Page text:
God of Carnage 《狂揪夫妻》 was a play written by Yasmina Reza. Recently Hong Kong’s Dionysus Contemporary Theatre performed it at Singapore’s Huayi festival. It was in Cantonese but there were subtitles available.
The name of the play made it seemed like it would be bloody and gory (the poster didn’t help either) but it was actually a black comedy about the bickering between four people. The background was that a boy knocked out two teeth of another boy in a fight. The play opened with the two sets parents discussing the incident at the home of Michael (played by Anthony Wong) and Veronica (played by Louisa So). The two sets of parents discussed about the wording of a joint statement about the incident. At first they were polite to each other but as things get more heated up, they started to bicker with each other and even their own spouses. The arguments soon moved from the two boys to wider and deeper topics.
I decided to watch this show because of Anthony Wong and Louisa So, two actors whom I’m familiar with. They are good actors so I thought it would be nice to watch them perform live on stage.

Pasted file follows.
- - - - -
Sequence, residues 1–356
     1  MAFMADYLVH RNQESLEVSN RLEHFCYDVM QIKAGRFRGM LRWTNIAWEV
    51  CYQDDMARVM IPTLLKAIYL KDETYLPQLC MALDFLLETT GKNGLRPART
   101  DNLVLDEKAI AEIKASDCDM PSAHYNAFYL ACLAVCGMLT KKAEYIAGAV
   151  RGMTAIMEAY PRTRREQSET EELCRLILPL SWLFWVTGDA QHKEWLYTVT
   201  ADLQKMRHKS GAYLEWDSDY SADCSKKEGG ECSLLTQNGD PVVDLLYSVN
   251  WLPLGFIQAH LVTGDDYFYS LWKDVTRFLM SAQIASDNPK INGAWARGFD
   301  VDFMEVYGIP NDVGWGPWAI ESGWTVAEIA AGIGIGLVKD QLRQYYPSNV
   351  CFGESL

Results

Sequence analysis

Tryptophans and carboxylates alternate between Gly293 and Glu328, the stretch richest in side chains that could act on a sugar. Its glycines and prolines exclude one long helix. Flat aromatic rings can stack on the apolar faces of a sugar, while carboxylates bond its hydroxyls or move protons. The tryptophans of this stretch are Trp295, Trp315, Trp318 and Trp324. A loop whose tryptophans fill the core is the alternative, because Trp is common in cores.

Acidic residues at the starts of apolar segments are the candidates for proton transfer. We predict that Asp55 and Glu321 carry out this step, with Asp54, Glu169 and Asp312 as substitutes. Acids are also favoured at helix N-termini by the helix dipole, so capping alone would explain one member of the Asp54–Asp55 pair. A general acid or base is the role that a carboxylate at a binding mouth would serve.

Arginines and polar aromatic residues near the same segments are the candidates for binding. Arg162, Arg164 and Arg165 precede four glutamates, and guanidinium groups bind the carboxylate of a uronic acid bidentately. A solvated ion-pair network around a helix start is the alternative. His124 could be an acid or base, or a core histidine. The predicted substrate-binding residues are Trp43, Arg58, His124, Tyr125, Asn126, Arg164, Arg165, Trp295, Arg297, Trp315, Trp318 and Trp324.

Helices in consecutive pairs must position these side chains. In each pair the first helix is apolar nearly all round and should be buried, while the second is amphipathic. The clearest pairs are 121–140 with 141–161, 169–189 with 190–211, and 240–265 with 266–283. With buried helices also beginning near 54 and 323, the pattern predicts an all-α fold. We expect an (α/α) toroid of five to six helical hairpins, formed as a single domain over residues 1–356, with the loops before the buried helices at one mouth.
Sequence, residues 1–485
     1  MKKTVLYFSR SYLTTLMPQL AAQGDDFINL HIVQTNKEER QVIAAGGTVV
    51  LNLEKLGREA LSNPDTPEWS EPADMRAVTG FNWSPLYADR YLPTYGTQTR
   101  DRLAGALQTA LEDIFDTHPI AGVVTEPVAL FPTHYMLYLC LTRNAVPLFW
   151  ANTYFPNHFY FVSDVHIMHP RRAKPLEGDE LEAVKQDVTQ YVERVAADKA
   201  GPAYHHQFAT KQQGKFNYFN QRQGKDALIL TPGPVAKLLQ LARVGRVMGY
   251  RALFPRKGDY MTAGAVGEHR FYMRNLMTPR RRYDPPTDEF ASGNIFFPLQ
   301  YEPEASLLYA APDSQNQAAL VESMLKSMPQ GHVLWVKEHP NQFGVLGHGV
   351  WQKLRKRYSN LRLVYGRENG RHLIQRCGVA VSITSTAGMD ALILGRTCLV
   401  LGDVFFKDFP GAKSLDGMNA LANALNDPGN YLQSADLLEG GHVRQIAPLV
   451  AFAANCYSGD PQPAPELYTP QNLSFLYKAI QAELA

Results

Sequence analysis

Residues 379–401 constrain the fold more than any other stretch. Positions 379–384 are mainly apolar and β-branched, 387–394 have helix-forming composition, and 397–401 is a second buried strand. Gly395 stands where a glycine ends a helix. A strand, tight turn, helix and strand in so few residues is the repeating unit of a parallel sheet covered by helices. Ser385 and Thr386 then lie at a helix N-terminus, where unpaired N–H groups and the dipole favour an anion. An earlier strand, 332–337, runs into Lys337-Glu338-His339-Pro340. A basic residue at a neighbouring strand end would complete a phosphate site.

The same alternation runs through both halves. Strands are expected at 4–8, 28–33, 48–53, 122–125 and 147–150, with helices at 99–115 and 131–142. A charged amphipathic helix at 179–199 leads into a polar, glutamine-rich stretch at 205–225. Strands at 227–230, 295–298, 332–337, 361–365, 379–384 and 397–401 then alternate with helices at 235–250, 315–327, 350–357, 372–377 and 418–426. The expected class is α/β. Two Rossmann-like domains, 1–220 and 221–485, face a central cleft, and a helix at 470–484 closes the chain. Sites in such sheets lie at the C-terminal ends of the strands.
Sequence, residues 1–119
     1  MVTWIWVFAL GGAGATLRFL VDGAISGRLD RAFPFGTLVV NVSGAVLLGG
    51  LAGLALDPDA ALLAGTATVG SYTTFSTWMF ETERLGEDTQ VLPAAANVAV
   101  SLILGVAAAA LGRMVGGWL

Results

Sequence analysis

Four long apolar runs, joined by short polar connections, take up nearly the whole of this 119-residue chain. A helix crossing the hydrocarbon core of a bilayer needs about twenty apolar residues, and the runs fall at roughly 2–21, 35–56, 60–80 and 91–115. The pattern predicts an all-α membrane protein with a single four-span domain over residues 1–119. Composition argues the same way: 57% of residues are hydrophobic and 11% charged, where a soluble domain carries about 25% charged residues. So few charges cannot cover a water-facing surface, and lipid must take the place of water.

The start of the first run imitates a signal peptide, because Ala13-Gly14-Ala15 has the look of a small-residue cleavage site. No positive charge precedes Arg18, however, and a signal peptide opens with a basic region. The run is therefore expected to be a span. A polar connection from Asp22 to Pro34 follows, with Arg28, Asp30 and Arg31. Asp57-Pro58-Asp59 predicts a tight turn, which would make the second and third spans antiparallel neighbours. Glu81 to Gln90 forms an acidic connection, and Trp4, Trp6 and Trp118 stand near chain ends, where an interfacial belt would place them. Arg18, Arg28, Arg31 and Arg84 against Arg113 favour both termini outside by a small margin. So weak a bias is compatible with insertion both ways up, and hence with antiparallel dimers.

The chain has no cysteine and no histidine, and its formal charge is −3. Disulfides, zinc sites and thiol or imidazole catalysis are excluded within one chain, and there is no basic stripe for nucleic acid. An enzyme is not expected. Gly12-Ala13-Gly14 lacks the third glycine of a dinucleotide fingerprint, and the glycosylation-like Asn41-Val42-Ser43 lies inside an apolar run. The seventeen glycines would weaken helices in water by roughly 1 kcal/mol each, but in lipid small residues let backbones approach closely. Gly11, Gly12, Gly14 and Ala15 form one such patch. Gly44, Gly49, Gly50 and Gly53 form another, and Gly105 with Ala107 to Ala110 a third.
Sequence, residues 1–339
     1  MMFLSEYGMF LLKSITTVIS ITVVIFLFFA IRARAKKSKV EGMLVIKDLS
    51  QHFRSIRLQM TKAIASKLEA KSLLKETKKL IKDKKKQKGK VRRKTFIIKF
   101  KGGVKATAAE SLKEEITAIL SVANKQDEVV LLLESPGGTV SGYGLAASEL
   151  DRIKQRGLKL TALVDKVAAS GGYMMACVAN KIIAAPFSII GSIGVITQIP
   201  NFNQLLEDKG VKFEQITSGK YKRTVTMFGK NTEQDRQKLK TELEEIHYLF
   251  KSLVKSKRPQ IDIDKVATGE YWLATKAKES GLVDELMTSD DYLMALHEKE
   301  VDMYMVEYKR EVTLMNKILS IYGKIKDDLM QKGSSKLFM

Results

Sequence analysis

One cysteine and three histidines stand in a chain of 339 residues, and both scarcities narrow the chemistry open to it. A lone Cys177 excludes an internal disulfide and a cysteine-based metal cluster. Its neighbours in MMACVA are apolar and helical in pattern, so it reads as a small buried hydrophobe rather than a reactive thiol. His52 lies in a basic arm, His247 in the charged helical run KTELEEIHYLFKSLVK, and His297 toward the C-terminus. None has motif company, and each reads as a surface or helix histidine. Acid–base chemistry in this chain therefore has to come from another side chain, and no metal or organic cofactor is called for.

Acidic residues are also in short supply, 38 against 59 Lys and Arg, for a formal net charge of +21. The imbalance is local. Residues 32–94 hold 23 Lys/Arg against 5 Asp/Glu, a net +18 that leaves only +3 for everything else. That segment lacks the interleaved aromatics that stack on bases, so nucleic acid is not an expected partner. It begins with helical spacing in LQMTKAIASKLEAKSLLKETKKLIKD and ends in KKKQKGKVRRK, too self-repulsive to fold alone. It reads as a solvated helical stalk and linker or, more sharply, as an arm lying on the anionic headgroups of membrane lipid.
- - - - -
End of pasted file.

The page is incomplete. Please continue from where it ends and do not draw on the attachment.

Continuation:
In the end, all four actors’ performance were excellent and their rapport was very good. There were plenty of fun moments in the show and each actor had their comedic moments. I think I had never laughed so loudly at a stage performance. There were also some physical comedy like when Anna (played by Olivia Yan) seemed to vomit out a neverending stream of water and horrifying the house owners. (I still couldn’t figured out how she did it as there is too much water for a mouthful or handful.)
Although the set never changed, I thought it was magnificent and detailed. It felt like the interior of a mansion and there was even a fake ceiling to complete the effect.
Although there was some mention of serious topics, the show never became too heavy nor did it sounded like preaching, mainly because most of what was said was purposely crafted to create maximum irritation in the other party in the quarrel. Plus the four characters became increasing irrational and childish as the play progressed, so it was hard to take anything they said seriously.
I never did figure out why the play was called God of Carnage. Alan (played by Poon Chan Leung) briefly mentioned that he believed in the God of Carnage but I didn’t understand what that has to do with anything. But that’s fine. As Michael said at the end of the play, “Actually we know nothing at all.” (Or was that “What did we really know?” No matter, obviously I know nothing.)